Tired of listening to the din I attempted to lift the hood. It was buckled and wouldn’t budge. I felt around the steering wheel again and couldn’t get the blasted horn to quit. I burned my thumb in the process, the same one that hit the dash. In frustration I kicked the steering wheel and, Hallelujah, silence.
After a few minutes the State Police showed up, then my sister, then a wrecker. Then life began to return to normal.
All in all it was an experience I don’t hope to repeat. I’m grateful to God for giving me the faith to not be discouraged by events such as this, and thankful I wasn’t inured.
I got my buck and didn’t even have to buy a hunting license. And it only cost $4,000!
I do have a suggestion for the auto makers: Look into a way to deploy the air bags without all that smoke and odor. It’s disorienting, and if someone were injured and unable to open a door or window they would have to breathe it until help arrived. I was only subjected to it for a few seconds and it left my throat raw. And, please, find a way so the horn doesn’t stick on when the air bags go off!
Hunting and fishing are popular pastimes for many, and observing nature first hand is an excellent way to ensure success. Watching those who have become experts is another way to increase your chances of bagging a bird in flight or landing a trout.
While hunters and fishermen are doing their best to take home a trophy or fill the frying pan, wild animals are doing their best to remain healthy and free. Soon after birth they begin learning how to get along in their environment. They also have mentors - their parents.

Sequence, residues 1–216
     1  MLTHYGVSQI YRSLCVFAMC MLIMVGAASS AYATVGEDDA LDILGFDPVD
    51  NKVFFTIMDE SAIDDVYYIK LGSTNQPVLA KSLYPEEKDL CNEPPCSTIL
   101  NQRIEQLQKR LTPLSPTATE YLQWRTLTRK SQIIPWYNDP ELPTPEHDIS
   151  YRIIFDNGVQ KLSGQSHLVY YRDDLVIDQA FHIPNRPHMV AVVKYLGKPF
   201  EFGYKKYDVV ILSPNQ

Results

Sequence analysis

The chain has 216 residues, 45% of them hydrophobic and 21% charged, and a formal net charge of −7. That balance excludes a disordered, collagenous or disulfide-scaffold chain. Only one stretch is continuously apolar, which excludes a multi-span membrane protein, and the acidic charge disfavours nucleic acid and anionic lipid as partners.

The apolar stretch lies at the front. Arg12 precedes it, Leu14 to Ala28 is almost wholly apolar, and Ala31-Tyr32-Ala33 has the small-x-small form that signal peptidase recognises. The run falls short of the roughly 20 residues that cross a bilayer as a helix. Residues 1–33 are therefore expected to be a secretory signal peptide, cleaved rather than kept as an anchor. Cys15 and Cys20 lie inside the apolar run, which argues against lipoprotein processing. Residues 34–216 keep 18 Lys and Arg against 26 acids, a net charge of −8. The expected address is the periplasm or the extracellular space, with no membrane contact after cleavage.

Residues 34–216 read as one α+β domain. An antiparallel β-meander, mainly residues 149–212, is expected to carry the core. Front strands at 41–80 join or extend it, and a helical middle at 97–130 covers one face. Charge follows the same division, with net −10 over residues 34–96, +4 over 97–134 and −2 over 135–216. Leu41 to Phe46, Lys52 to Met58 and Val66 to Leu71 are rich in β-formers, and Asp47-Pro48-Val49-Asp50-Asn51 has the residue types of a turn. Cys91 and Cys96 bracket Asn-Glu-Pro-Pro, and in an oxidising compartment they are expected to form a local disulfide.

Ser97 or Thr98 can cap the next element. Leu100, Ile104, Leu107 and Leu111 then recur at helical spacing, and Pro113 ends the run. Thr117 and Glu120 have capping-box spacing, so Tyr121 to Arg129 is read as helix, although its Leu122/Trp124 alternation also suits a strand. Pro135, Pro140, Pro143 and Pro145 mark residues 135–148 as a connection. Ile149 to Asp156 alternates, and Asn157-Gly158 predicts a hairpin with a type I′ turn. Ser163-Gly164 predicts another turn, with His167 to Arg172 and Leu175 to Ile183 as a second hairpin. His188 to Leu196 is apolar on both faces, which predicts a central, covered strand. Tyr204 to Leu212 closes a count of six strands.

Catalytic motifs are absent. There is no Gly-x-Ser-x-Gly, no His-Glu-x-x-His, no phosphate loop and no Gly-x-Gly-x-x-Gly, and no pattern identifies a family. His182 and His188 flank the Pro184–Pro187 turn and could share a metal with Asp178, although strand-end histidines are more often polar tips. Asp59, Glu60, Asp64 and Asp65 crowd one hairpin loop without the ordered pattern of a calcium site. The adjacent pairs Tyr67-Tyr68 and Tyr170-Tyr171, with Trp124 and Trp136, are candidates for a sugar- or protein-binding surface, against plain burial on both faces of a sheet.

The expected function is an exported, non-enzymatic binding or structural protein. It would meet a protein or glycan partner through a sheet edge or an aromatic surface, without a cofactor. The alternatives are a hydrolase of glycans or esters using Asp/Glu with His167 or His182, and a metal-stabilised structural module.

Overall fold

Although the young of some species are virtually left on their own, others receive care, protection and instruction from their parents. Canada geese and Mute swans maintain a family unit until the goslings can care for themselves, and mother foxes and ground hogs stick fairly close to their babies.
It’s interesting to see the young of a species as they get used to their new world. You soon realize that youngsters at play are youngsters at play, no matter what the species.
Playing develops muscles and coordination, and trains them in using their natural instincts for self-preservation. Besides, they’re naturally cute.
Everything baby animals learn as they mature serves a purpose later in life. A young fox or ground hog’s predisposition to disappear into a nearby hole, although a natural instinct, is enhanced by observing how mom responds to a perceived danger. In the same way, goslings or cygnets respond by swimming away or taking flight, as soon as they are able, when trouble approaches. Why? Because that’s what mom and dad do!
Babies in nature are more than cute, cuddly creatures. It’s up to you to determine how to defeat the inherited instincts and learned behavior that they develop. Remember, as you’re watching that cagy old fisherman and knowledgeable hunter use their skills, baby animals are watching and learning, too.